I don't quite have the answer to that question, but I would argue that the question itself reflects some common confusion.
If all exchange rates are free to adjust to market forces, they would tend to produce a balance between each country's trade with the rest of the world. Strictly speaking, that assumes no unruly capital flows to complicate matters. But while market forces tend to promote trade balance with all other countries combined, there is no reason to expect the market to balance trade on a bilateral, country-by-country, basis.
However, since China has a large trade surplus and the U.S. has a large trade deficit, chances are we will have a large trade deficit with China. China has allowed the yuan to appreciate in recent years, but not to the extent that market forces alone would have likely produced. To hold the yuan down relative to the dollar China buys dollars, which, conversely, holds the dollar up relative to the yuan.
What do I mean by "buying dollars"? In the first instance, the dollars purchased are probably claims on U.S. banks (deposits). Those are then used to purchase U.S. Treasury securities to have claims totally safe from credit risk and in a very liquid market. China could, and is, diversifying by purchasing claims denominated in other currencies, but as long as it is running trade surpluses it has to hold some countries' assets, and as long as the U.S. is running trade deficits someone must accumulate its assets. The quantity of assets to be held is determined, not separately, but as part of the process of incurring the deficit. It is not a separate and independent decision.
Looking at it from another perspective, China is a huge saver with a current account surplus, and, as long as we have low savings and a large current account deficit, China will continue accumulating dollars.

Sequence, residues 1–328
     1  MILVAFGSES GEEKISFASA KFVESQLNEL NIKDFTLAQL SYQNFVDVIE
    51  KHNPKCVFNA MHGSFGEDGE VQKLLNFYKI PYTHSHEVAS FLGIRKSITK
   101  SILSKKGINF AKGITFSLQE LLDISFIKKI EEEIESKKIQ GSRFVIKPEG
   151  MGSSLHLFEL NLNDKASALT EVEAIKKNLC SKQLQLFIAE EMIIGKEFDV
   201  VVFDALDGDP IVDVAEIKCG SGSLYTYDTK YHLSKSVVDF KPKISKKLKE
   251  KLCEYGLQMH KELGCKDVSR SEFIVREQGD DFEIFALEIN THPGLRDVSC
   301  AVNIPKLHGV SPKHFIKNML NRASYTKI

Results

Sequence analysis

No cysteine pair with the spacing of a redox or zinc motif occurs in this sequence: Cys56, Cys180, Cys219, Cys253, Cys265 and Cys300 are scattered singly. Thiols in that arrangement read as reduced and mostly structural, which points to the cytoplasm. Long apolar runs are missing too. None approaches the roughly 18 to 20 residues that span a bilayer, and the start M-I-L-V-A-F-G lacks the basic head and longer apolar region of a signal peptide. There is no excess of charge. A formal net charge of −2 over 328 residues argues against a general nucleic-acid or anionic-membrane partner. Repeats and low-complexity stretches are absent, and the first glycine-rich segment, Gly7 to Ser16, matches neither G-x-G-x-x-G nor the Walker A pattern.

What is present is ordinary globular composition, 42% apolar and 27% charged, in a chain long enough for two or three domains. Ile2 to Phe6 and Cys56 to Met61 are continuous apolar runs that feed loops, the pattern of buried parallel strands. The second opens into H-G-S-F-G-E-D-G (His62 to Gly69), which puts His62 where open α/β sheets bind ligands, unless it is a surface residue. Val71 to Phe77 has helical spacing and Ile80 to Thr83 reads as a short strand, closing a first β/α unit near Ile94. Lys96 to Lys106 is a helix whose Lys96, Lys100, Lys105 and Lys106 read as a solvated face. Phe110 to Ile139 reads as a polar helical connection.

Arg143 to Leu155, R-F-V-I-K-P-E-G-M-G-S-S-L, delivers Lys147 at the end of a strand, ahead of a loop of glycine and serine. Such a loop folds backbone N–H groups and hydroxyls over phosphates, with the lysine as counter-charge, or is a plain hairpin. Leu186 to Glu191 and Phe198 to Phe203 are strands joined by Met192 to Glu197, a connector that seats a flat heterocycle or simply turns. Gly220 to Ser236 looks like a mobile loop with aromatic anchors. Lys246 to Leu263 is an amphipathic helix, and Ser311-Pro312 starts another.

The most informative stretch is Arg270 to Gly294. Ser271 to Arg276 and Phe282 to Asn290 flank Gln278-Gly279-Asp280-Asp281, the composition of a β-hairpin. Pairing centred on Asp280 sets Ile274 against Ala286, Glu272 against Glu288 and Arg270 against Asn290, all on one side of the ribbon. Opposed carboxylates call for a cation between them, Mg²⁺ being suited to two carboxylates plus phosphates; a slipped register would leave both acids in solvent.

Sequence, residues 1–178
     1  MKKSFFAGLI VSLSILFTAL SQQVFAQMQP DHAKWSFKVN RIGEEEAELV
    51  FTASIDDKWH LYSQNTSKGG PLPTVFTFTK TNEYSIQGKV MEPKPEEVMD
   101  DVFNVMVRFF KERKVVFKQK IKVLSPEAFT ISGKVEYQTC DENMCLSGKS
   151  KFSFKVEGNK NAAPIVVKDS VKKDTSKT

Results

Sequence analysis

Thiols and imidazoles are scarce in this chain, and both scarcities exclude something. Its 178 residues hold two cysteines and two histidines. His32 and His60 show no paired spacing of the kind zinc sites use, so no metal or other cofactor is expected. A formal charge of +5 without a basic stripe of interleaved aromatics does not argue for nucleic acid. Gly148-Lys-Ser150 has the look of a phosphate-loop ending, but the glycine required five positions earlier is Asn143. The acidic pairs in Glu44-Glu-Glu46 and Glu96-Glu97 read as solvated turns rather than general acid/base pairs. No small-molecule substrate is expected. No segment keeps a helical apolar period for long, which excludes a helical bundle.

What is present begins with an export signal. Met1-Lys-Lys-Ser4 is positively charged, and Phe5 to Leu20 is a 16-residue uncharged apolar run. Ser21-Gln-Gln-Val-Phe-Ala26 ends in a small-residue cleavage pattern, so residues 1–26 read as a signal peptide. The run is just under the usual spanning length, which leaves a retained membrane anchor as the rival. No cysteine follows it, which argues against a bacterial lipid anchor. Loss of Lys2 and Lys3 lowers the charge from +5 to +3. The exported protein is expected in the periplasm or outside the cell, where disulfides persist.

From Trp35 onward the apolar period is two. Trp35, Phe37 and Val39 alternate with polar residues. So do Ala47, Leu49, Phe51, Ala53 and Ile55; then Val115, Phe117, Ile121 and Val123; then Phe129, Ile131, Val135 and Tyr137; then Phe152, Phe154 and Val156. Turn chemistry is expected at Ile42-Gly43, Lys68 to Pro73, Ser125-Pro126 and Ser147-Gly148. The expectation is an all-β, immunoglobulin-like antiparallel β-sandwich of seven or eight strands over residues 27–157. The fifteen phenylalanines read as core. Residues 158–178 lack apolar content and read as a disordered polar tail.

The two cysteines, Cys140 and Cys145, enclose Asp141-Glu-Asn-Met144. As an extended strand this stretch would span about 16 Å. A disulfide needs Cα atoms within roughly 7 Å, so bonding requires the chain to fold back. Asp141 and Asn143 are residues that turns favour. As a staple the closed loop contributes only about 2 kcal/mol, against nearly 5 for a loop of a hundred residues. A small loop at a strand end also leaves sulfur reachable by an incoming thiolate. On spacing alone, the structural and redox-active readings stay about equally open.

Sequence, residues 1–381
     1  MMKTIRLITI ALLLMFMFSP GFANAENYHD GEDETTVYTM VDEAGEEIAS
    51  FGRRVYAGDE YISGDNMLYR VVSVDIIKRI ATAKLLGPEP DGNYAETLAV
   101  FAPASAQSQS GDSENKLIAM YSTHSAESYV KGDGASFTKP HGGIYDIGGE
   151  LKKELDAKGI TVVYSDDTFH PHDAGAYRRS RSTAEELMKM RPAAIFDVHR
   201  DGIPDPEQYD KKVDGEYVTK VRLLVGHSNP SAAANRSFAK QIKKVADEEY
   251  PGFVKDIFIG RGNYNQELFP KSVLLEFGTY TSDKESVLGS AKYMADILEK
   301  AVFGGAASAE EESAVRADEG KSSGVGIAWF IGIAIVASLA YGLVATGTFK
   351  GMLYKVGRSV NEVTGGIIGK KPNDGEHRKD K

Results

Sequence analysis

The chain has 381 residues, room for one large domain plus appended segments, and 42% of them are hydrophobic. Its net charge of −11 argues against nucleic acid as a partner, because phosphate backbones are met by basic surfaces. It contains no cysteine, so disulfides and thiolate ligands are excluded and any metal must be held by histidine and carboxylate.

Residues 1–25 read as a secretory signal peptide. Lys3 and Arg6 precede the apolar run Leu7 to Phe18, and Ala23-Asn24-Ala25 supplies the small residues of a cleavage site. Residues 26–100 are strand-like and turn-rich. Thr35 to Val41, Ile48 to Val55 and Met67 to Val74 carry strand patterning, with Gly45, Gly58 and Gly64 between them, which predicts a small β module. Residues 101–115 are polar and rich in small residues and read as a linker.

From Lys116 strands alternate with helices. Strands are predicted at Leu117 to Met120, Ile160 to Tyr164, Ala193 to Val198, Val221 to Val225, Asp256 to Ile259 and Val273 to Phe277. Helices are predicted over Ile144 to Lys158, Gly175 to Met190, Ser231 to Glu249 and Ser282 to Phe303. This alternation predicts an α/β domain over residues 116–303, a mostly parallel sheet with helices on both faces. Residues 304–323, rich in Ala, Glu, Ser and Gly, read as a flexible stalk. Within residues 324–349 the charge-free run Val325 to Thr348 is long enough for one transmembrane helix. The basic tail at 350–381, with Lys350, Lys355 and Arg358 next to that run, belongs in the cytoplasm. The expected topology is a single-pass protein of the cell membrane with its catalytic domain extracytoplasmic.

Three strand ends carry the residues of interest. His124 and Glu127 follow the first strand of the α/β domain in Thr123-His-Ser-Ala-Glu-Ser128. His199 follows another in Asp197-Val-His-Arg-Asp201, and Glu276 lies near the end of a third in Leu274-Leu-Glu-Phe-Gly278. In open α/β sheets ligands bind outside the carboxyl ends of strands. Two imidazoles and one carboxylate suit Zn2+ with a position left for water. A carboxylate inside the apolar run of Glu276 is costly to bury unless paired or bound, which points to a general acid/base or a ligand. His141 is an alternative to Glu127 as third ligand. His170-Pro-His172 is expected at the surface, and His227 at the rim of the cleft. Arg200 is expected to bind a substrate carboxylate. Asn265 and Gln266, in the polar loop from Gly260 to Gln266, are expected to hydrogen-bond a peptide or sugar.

To repeat, my point is that the decision to buy or hold U.S. Treasuries really isn't a separate, independent decision. China's accumulation of dollar assets is part of the same arithmetic as the size of its surplus. They are mutually determined rather than independently determined.
One way to think of it is that we are buying more from the rest of the world (mainly China) in the form of imports of goods and services than we are selling to the rest of the world in the form of exports. If we aren't fully paying for our imports with exports of goods and services, we must make up the difference by selling assets (in the form of debt or equities or direct investment) or incurring new foreign debt. To the extent that China doesn't import goods and services to the extent that they are exporting goods and services, they have to take the difference in increased foreign assets or reduced foreign debt.
This may be harder to follow, but, in effect, the capital account counterpart to our deficit with China- the capital inflow- fills the gap in U.S. saving. Our business sector saves some, but our personal saving rate has been near zero and our government saving (budget surplus) has been negative. Since our investment is positive and much greater than our aggregate domestic saving, the difference is made up by the capital inflow that finances our external deficit. From China's viewpoint, they are investing their excess saving in U.S. assets.
A technical point: In the previous post, where the focus was on the impact of trade on our GDP, I used trade in goods and services. When we export goods and services, income is generated at home. When we import goods and services, income is generated abroad. In this piece, however, the focus is on trade's impact on exchange rates and total saving. For that purpose, we need to include some international transactions in addition to trade in goods and services. We need the "current account" concept, which includes trade, but also unilateral transfers, income on investments in the other countries, etc. The distinction isn't important for must purposes, but I don't want to imagine my international trade professors rolling over.
In case I've totally lost you, the short answer to the question posed by the title is that it's not a separate, independent decision. It's mutually determined by the size of China's trade surplus and our deficit.